Has the fight world given Rahman too much credit and forgotten about ‘Two Gunz’ Barrett?
By "Big Dog" Benny Henderson Jr. (August 2, 2005)  
Monte Barrett
Talk… talk… talk! That’s all the boxing world has heard the past few months. Rahman this, Klitschko that, let’s sue him and blame each other for whatever reason. With all this yip-yapping about a possible showdown between ‘The Rock’ and the elder Klitschko, one man has been left out in the cold.

Has Rahman forgotten that his next opponent is actually Monte Barrett and not Vitali Klitschko? That his next bout is not in September but August 13th in Chicago, Ill. Right, you get the picture, but has Rahman?

To overlook any opponent is just plain ignorant and it is not in Rahman’s best interest to think too far a head. No, I am not calling Rahman ignorant or stupid, nor am I suggesting any negative terms towards the fighter or the man; I’m just plain and simply stating that he has been given way too much credit for some feat he accomplished over four years ago by stopping Lennox Lewis. The year is 2005 and you are not fighting in South Africa, you are not facing Lewis, and you certainly aren’t the answer to the division. Sorry to burst your bubble, but somebody had to do it.

Let’s look at Monte Barrett, you know Rahman’s ‘real’ opponent. What we have here is a thirty-four year old tough as nails throwback fighter who isn’t afraid to box and is always willing to brawl if required. A great inside fighter who is highly dedicated to his career and has a great opportunity at hand by being overlooked by his opponent. No, Rahman isn’t a walk in the park nor will he be for Monte, but Barrett understands that, he knows the task at hand and that is all he knows. Barrett isn’t this hard-hitting heavyweight steamrolling the division, but he is wiry and is in no way a pushover to be overlooked.

Barrett broke out in the fight world the summer of ’96 stopping his first three opponents with first round knockouts. He beat the usual suspects gaining experience and honing his skills against the likes of Jeff Pegues (TKO1), Greg Page (UD10) and earned the vacant WBC Continental Americas heavyweight title by defeating veteran Phil Jackson (UD12) before dropping his first loss to Lance Whitaker in ’98. His darkest moment came 2000 when he was floored five times by the hard-hitting and very talented Wladimir Klitschko. In that fight Barrett tried his best but his best wouldn’t do, yet try he did. Barrett’s last defeat was the controversial loss at the hands of Joe Mesi back in December ’03.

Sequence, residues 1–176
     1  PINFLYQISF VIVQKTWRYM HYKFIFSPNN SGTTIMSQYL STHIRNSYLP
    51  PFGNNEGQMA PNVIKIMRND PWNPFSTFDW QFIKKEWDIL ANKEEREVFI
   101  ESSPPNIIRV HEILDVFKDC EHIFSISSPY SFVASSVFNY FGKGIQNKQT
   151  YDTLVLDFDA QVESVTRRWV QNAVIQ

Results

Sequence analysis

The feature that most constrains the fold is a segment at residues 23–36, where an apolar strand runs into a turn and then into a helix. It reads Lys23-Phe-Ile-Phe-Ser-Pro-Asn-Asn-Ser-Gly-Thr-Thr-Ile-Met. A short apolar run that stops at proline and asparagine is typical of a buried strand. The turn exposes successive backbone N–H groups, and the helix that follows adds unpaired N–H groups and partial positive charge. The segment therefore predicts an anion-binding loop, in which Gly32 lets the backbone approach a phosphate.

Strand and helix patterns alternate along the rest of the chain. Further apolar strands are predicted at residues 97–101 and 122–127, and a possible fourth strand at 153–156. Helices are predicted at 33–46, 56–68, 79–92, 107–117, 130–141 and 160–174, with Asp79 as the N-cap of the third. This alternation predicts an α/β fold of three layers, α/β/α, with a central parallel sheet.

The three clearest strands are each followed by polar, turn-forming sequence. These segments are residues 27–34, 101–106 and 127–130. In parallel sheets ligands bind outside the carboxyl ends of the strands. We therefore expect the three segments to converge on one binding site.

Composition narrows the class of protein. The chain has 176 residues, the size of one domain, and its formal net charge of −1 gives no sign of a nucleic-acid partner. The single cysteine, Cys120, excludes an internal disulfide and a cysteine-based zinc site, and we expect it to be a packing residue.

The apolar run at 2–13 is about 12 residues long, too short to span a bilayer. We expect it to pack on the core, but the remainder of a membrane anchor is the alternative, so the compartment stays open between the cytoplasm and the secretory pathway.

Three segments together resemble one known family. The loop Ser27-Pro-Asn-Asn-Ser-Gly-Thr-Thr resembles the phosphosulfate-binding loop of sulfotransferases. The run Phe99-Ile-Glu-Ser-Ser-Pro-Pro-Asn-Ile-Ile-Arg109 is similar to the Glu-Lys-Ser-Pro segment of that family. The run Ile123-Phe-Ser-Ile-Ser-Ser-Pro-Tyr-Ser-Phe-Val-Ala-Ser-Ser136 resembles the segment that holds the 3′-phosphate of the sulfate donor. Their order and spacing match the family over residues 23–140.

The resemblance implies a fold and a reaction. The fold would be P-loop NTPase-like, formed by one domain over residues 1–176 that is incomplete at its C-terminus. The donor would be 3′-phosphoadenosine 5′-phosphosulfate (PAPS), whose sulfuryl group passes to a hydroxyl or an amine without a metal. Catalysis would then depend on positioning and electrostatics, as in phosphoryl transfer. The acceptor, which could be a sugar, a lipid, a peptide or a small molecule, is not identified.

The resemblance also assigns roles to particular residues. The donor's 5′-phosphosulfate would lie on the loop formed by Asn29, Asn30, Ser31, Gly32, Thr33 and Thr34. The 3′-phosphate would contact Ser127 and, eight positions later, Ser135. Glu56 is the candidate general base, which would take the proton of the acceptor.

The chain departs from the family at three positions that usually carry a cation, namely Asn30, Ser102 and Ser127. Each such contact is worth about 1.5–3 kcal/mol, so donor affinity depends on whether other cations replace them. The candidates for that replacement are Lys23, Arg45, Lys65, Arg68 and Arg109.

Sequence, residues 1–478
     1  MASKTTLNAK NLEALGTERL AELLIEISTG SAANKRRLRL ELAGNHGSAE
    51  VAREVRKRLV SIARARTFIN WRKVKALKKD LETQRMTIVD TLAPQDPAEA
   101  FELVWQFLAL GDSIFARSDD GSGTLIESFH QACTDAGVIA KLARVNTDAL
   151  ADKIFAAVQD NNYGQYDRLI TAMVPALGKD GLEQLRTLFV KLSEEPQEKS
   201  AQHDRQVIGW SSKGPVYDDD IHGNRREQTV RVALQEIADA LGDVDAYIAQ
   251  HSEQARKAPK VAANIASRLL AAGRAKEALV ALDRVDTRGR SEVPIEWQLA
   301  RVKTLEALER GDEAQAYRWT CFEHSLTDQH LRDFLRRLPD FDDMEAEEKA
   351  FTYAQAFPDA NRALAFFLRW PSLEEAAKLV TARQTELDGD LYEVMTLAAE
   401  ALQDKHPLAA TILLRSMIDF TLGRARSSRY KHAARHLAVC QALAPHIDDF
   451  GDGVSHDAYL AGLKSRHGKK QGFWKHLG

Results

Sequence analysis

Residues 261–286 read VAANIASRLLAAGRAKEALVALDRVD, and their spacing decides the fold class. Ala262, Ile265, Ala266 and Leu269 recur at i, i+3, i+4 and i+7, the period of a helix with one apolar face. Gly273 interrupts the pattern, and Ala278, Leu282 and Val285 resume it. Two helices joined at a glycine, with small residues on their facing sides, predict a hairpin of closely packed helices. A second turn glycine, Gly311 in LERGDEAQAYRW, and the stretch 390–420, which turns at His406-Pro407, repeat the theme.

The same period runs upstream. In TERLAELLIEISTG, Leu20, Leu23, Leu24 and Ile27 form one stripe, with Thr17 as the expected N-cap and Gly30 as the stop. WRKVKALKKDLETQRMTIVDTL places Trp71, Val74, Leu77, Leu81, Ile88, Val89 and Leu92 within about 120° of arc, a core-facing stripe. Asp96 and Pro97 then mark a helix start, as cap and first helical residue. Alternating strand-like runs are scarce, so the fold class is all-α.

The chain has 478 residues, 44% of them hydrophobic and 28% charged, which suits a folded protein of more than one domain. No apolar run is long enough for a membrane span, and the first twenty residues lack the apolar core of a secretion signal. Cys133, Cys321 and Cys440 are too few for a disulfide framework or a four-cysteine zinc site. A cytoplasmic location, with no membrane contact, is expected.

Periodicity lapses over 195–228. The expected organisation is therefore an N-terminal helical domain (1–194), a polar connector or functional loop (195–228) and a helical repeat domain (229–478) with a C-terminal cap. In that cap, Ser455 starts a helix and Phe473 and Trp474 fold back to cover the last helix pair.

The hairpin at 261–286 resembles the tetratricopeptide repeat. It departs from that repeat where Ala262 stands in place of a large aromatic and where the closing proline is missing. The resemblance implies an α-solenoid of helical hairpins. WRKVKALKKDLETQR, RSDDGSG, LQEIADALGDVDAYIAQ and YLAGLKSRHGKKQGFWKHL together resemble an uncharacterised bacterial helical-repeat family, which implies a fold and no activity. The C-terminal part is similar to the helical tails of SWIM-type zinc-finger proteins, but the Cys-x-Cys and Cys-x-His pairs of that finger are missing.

Since that point Barrett has defeated two undefeated heavyweight prospects: Dominick Guinn, who he defeated by a ten round split decision, was highly regarded at that time; and Owen Beck, who was floored three times before the fight ended in the ninth, was coming off a four knockout win streak. Together the two had a combined record of 48-0 (35) with 15 first round KO’s, but Barrett was the spoiler.

Sure, Rahman is a hard hitter. He has thirty-three knockouts including twelve in the first round, he was the second man to stop Lennox Lewis, he stopped Corrie Sanders in seven rounds, he was at one time the ‘The Man’, at least till the Lewis rematch, and he still does deserve respect. But what on earth has he done since that fateful night in South Africa to be feared among the division? Who has he defeated since that point to even conceive the thought that a thirty-four year old 6’7½” man (who by the way happens to be ‘THE Man’ of the hour in the heavyweight division and who has knocked out thirty-four out of his thirty-five opponents with his only two losses coming from injuries and who hasn’t even tasted the canvas in nine years as a pro, or 156 rounds if my calculations are correct), is running scared?

Losing to a forty-something year old man (Evander Holyfield) and the most lovable heavyweight in recent history (John Ruiz), and defeating the likes of Al Cole, Mario Cawley, Terrence Lewis and Rob Calloway who have a combined record of 135-41-5 at the time Rahman beat them doesn’t make him King freaking Kong! Yes, Rahman did beat the piss out of Kali Meehan, who gave WBO champ Lamon Brewster a run for his money, but that doesn’t define Hasim Rahman as the chosen one my friend.

This hoopla about Rahman getting the shot at Vitali Klitschko in September is almost hilarious. No, I am not saying that Rahman won’t be the one to face Klitschko if all goes well in August, but that is the deal, he has a fight in August and the last time I checked my calendar August comes before September.

Look, I am not saying that Rahman isn’t worthy of anything, I don’t dab into the rankings just to find reason why any fighter is where he is in them. All I am saying is that the fight world including Rahman has seem to have forgotten about the North Carolina native, the #2 man in the WBC, #4 in the WBA & WBO, positions that Monte Barrett worked hard to earn. Let’s look at the big picture here, regardless if you could care less for this match-up, it does have some credit to it with the winner destined to face Vitali Klitschko. But let’s not just jump to conclusion and give Rahman the title shot. Heck, if you want my pick, I think Rahman has a great chance at winning this fight; he is bigger, not taller, but he is stronger, but that doesn’t necessarily give him the W. It has to be earned.

So give credit where credit is due, and let’s not forget at this time that there are two fighters in this equation.
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